Following the call to action from the FCA over two years ago, many financial institutions have taken great leaps forward in terms of recognising the signs and symptoms of vulnerable customers, but RedArc believes that insurers need to think more long term in order to take the interests of this group to the heart of their organisation. There are two areas in which the organisation believes insurers could do more:
- Practical support for vulnerable customers
- Support for staff on the frontline dealing with vulnerable customers
Christine Husbands, managing director for RedArc says: “Having a greater awareness of this customer group is a really important first step, historically most financial organisations haven’t considered the needs of different customer groups, the importance of which should not be underestimated. However, awareness and sympathy doesn’t equate to action necessarily, and we’d question whether enough insurers have built in sufficient steps to make a long-term difference to these customers – particularly as insurers are much more likely to encounter vulnerable people on a day-to-day basis due to the nature of their proposition.”
Practical support for vulnerable customers
More organisations should be providing third-party services to support customers and their families in difficult circumstances. Whilst customer services teams can be expertly trained to support the individual through a claim in the short term, having a dedicated and experienced third-party expert who can help with life and medical issues holistically can make a huge difference – as cognitive abilities at times of illness, disability, trauma or bereavement can be significantly impaired. A well-supported person is more likely to be able to get back to normal more quickly, improve their confidence, and potentially get back to work, reducing their financial vulnerability – but this can take weeks and months not days.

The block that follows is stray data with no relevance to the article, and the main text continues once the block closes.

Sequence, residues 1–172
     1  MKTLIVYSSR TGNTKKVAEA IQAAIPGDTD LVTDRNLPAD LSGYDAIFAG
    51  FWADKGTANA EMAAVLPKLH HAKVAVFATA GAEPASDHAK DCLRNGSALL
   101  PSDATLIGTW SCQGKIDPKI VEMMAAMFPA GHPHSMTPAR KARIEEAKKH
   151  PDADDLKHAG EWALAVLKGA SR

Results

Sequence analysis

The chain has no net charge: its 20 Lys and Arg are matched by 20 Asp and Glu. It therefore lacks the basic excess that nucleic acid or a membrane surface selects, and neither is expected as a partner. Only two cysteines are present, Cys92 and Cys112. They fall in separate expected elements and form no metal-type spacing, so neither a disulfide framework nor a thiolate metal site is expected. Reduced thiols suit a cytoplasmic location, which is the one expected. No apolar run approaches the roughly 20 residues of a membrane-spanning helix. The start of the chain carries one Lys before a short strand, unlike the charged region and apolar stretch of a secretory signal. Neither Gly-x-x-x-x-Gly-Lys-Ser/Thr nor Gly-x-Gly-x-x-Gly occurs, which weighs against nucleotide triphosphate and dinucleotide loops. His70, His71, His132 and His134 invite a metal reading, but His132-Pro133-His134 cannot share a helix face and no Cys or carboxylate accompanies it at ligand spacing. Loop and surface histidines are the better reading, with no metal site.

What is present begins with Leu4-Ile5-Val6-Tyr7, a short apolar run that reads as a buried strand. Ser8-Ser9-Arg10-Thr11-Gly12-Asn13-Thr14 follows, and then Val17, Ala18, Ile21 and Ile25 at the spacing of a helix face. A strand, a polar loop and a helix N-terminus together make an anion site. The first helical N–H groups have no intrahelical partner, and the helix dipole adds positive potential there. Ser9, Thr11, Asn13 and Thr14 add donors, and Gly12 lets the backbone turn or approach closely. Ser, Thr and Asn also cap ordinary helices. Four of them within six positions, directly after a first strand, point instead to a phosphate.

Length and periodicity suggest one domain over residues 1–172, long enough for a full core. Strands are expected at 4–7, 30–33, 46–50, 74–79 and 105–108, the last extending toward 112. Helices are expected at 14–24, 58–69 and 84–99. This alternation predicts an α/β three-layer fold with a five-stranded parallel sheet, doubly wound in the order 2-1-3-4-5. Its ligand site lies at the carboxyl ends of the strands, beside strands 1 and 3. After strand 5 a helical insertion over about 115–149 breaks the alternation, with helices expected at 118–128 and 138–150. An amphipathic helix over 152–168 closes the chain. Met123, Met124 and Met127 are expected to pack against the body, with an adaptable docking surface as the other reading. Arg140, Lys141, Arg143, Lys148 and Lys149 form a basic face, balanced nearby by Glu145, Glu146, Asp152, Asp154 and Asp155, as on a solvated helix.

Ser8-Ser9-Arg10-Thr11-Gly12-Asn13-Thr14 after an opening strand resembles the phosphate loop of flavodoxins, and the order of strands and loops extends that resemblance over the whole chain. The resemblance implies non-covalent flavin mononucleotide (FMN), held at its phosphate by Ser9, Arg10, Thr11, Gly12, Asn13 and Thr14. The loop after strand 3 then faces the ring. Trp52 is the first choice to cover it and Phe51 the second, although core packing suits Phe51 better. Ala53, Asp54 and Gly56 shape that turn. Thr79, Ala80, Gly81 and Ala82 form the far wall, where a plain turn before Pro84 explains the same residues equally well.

Support for staff on the frontline
It is obviously vital to equip staff with suitable training to deal with customers but also with the tools to help build up personal resilience and a way to positively process the often harrowing experience of dealing with vulnerable customers. Without job satisfaction, insurers will not be able to retain staff – which decreases the organisation’s ability to deal successfully with vulnerable customers in the future.
Husbands continued: “Products and services can be amended in a fairly straightforward way to accommodate the needs of vulnerable customers, but policy change – where an organisation is truly looking to change the way it behaves in respect of the vulnerabilities of their customers’ – needs a long-term approach for both the individual and employee.
“In an industry that can struggle with a reputation for mistrust, insurers that go the extra mile for customers in difficult circumstances can do much to enhance the public’s perceptions. And with increasing numbers of us likely to fall in to the vulnerable customer group at some point, if only simply due to living longer and age-related illnesses, reputation could become more fundamental in how consumers make choices about financial institutions in the future.”